There are companies that do this. Patagonia is a good [for-profit] that comes to mind because Yvon’s philosophy for the company (even though it’s hugely profitable) is for it to do good for the people that work there, do good for the people making stuff, do good. Khan Academy is another. They do education en masse but doing good in the world of education is built into their DNA.
If I come out and say Dot Health is going to build what nobody is choosing to build for the consumer, then I have nowhere to hide. So I think when you make that decision, you make that decision. With Dot Health, if you’re a quad-zillionaire, I’m not going to charge you any more for accessing your health data. It’s a plain and simple offering.
- Can you describe Dot Health?
Dot Health at the core of it enables you to access your own health data. Today, an average Ontario resident has been to about 2.3 different health professionals in the span of a year. These care providers have treated this person and have kept records of what happened within those treatments. All of that information lives in the ether, it doesn’t communicate with each other. What we’re building is essentially the platform that enables the real-time access of this data, but more importantly the real-time access of this data that is controlled by you, the person. So instead of relying on a healthcare professional to send an x-ray to your specialist, you can access and send your own x-ray.
I want to be clear that this isn’t a new concept. I also want to be clear that this concept is something that we’ve seen everywhere. It has happened in every other industry except healthcare. It’s like this black box. It is one of the only industries where we don’t have access to our own data. It’s a little bit dis-intermediation and on the other side, consumerization of your own health and wellness data.
- Do you need to rely on healthcare professionals to input that data about you?
Nope. Like any good solution, we do the grunt work for you and make it really simple for you to tell us your information. When you sign up for our service–we’ve been steadily onboarding our waitlisted clients since we announced–you give us 4 basic pieces of information about you and we go fetch your data, and we keep fetching it for you as long as you have a Dot Health subscription. It doesn’t require buy-in from every single individual healthcare professional. We get updated information the moment it’s updated on whatever system they’re using.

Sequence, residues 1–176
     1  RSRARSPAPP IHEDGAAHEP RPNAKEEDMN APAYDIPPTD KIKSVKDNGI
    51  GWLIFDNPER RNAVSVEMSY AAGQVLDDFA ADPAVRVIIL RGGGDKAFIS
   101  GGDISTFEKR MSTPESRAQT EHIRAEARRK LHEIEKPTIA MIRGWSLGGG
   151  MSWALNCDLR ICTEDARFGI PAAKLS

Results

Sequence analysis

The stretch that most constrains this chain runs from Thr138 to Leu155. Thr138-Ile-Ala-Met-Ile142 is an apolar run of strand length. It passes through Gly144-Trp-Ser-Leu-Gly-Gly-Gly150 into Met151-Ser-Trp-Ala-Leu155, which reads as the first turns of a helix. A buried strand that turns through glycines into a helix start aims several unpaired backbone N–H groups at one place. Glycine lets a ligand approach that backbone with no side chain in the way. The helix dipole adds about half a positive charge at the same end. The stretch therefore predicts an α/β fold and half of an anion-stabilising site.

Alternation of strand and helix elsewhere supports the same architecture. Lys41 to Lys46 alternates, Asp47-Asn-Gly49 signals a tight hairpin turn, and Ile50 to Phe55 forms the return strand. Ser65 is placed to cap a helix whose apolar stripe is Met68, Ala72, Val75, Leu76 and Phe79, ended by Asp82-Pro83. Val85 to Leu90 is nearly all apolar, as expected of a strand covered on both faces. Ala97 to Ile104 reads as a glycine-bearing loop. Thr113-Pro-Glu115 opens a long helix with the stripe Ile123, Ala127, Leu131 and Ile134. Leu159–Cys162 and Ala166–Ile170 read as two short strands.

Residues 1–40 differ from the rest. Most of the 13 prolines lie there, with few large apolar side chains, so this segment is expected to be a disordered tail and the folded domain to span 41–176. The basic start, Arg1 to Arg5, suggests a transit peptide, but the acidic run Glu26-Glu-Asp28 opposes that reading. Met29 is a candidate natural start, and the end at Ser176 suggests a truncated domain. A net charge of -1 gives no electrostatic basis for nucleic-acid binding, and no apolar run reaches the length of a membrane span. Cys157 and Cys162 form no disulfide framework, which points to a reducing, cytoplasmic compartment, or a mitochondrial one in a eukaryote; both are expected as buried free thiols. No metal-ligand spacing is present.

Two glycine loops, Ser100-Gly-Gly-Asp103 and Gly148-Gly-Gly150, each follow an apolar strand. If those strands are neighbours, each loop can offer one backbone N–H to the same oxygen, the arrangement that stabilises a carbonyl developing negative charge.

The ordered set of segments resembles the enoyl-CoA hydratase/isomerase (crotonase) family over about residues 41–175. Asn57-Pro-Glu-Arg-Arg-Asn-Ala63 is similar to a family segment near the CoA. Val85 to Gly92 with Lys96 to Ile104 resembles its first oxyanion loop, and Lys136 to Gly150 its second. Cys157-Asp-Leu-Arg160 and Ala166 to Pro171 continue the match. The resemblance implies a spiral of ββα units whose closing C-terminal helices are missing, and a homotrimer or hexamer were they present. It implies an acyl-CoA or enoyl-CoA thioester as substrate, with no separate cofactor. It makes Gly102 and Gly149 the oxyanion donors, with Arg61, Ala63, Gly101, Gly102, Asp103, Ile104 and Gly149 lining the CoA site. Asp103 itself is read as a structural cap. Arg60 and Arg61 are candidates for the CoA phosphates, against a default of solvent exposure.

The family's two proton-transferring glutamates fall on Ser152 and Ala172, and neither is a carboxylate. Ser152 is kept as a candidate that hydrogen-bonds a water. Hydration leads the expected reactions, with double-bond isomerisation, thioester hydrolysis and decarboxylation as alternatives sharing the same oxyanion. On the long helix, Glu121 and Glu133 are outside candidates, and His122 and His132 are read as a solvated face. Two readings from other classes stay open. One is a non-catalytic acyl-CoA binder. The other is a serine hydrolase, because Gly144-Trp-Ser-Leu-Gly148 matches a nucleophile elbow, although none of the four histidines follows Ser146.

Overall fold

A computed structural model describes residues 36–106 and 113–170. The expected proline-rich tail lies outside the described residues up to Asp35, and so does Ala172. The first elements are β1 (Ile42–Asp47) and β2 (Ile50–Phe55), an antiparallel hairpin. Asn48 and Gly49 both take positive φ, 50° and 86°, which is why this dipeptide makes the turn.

- It must be a challenge working with all the different systems.
We have ways around it. We have certain partnerships that allow us to gain access to all these real-time feeds without having to individually work with all the different systems.
- Do you need the patient’s consent?
The Personal Health Information Privacy Act actually stipulates that all the information that’s collected about you belongs to you. It is your information. Often, when you pick up a copy of your x-ray or lab work, you pay money for that service and the reason is because you’re paying for the paper. You get charged over a dollar per sheet of medical record and some of those records are just a tiny prescription at the top. It makes no sense. So we’re just turning the system on its head a little bit.
If you can imagine, everything that’s been done within the Canadian healthcare system is top-down. What we’re doing is the exact opposite. We are the bottom-up economy of healthcare. You’re a person, you need to access all these services and to feel empowered and be in control of what you’re doing. We help you augment that ability. That’s the service that we’re providing to each of our clients.
- That’s really interesting. I use wellness apps and I input information into it. But then I go to my doctor and there’s forms, test results, etc. that’s filled in on paper and then inputted into their system. There’s no relationship between my personal observations and records of my wellbeing and the clinic’s health records.